Education Minnesota is the lead sponsor. They make a generous financial contribution to the event. They’ve got a lot going on right now, but they were the first to say, “Of course we are with you 100 percent.”
As a library Friends and Foundation organization, we have a pretty wide portfolio of what we do year-round. We do fundraising and advocacy at the local and state levels. We have a national consulting group that also brings revenue into the organization. The diversity of work we do is part of our role as the Center for the Book in Minnesota, a Library of Congress designation. All of that means we’re a flexible organization. But all of our revenue is vulnerable right now.
The money that we raise supports the programs that happen statewide. We turn our funds around and put those finalists and winners on the road for paid work in Greater Minnesota and building new audiences for their writing through readings and classroom visits.
MP: Your blog includes interviews with all of the finalists. But your Meet the Finalists event, which would have been this Friday at the Latimer Central Library, has been canceled.
BB: We’re asking ourselves, “If we can’t have the writers all together on April 28, what are some other ways to make their work better known to a broader audience?” We’re looking at online readings and more interviews. What about a poem of the day? We don’t yet have the meat on all the bones of this planning, but that’s a huge priority.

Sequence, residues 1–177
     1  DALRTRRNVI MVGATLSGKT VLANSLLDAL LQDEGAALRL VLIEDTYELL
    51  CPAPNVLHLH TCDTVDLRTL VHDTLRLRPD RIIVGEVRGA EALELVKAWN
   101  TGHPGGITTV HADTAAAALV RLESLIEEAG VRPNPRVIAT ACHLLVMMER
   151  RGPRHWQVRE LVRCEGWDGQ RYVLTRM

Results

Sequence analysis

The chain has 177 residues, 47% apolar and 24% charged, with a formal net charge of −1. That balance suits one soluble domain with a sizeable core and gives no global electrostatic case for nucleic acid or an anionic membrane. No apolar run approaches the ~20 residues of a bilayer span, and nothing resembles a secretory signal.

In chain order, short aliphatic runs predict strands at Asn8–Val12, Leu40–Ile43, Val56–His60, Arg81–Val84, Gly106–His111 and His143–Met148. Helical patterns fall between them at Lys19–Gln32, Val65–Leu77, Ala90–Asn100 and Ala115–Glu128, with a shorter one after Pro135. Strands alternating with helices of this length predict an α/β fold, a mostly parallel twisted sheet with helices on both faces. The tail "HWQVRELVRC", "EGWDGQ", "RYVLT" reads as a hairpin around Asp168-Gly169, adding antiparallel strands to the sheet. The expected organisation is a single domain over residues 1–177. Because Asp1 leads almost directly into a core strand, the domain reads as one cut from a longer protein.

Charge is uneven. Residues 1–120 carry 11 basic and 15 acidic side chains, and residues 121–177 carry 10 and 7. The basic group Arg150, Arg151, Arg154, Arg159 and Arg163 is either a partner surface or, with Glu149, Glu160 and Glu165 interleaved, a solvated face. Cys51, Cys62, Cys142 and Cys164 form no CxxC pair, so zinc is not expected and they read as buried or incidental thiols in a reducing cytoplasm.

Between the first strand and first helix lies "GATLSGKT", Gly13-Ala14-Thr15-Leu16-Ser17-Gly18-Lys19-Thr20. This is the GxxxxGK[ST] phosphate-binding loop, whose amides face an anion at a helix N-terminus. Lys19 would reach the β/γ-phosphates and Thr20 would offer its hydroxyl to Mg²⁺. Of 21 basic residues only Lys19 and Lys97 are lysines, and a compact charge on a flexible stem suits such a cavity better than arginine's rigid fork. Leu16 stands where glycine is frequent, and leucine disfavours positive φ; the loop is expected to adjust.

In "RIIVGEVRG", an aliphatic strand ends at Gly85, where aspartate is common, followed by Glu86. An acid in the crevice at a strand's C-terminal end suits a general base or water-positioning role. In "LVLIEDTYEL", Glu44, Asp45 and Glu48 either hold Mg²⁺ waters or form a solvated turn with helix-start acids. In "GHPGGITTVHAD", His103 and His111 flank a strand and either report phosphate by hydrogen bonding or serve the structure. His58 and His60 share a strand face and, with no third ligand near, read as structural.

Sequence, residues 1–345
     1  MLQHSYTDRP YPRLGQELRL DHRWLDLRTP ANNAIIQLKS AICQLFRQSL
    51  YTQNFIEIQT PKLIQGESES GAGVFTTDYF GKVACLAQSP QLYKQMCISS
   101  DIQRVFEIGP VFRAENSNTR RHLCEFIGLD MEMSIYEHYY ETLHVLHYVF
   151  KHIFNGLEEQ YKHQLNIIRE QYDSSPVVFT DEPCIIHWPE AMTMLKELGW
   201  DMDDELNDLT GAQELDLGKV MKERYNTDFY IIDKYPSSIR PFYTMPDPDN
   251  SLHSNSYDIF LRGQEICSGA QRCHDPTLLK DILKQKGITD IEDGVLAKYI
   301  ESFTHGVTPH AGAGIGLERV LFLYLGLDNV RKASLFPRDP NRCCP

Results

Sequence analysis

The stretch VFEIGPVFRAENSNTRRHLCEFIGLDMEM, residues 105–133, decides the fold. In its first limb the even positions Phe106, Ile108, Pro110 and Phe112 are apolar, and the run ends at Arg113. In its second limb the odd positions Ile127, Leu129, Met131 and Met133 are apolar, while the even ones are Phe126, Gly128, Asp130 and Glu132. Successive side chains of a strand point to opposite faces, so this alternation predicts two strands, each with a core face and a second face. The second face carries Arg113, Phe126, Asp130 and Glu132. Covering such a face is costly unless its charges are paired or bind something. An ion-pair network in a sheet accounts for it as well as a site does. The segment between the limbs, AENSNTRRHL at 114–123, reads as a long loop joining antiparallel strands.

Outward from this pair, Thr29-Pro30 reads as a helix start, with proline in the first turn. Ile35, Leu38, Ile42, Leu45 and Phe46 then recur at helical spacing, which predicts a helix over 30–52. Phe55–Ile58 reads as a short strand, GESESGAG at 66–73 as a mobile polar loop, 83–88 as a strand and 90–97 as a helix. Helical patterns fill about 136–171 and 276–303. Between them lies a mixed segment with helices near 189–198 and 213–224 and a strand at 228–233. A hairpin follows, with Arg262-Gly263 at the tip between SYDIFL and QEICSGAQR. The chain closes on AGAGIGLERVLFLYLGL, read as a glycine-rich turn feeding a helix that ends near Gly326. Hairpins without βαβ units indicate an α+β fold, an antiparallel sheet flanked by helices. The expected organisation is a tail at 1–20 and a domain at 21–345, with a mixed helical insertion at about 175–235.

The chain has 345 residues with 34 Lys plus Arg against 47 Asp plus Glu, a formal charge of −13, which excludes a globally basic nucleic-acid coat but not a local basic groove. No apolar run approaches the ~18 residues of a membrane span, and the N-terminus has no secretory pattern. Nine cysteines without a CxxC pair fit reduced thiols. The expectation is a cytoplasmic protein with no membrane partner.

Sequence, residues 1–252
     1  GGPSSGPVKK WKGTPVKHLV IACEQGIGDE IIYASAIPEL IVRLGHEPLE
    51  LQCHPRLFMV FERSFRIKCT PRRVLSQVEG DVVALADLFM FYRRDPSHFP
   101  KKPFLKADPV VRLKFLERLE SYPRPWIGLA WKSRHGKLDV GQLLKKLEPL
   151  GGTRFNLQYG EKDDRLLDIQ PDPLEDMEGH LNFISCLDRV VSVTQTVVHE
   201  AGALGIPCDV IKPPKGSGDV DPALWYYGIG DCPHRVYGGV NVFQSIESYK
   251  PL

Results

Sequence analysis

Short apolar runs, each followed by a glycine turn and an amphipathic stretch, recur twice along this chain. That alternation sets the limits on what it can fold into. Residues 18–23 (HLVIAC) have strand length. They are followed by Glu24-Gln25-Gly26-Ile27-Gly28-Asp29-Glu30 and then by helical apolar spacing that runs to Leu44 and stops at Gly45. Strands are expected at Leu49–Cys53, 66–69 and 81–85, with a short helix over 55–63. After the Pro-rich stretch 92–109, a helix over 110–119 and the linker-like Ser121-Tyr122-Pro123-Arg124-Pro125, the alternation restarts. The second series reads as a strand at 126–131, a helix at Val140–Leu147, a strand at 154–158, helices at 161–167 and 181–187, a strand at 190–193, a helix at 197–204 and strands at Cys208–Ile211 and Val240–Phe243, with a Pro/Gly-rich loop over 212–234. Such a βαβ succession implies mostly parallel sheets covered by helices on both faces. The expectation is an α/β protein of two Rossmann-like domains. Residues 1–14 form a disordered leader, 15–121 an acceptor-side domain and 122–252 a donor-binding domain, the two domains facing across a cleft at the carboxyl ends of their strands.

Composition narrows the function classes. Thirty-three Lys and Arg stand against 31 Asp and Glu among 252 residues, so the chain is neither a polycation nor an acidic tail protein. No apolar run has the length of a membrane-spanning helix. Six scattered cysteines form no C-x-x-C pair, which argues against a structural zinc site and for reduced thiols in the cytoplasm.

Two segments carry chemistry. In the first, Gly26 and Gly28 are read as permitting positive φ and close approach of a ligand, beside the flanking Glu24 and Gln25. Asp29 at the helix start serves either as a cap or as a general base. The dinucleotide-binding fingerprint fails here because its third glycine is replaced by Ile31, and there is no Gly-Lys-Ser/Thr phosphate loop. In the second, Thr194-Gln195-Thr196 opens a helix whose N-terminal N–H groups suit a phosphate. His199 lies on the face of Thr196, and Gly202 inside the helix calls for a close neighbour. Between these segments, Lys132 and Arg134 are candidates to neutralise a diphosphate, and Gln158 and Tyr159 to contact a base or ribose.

My hope is that by this fall we’ll be able to gather in community again. If that’s the case, our Moving Words tour will continue. Libraries across the state are divided into 12 geographic regions. We have at least one library and one school event this fall in each of those 12 regions, from Worthington to Warroad. And we’re not just sending one writer to each destination. We’re sending four at a time.
MP: What else can you tell us about what might happen on April 28?
BB: We’re committed to announcing the winners live in real time. We like the idea of creating some sort of excitement and event and news that evening. T. Mychael will be engaged in how that comes together. All of that is still very fluid.
With things like the Kay Sexton Award, the Hognander Minnesota History Award and the Minnesota Book Artist Award that have already been announced, we’re able to do some prepackaging.
Jim Lenfestey is such a worthy recipient of the Kay Sexton Award. It would be great to celebrate him in front of all of his literary peers. He’s unassuming and not very interested in having bright lights shine on him. But it’s time for him to be embarrassed as we talk about how fantastic he is, and how meaningful his work has been across so many aspects of our literary community.
MP: What else would you like people to know about this year’s Minnesota Book Awards?
BB: Obviously, we are disappointed that we can’t have the in-person ceremony. Ironically, we may do a better job of helping people understand that this is more than a ceremony. It’s a year-round program that connects readers and writers.
Browse all 36 finalists for the Minnesota Book Awards here. Read the interviews with this year’s finalists on the Friends Blog. New interviews will be added each day leading up to April 28. Follow the Minnesota Book Awards on Facebook for updates on what April 28 will look like.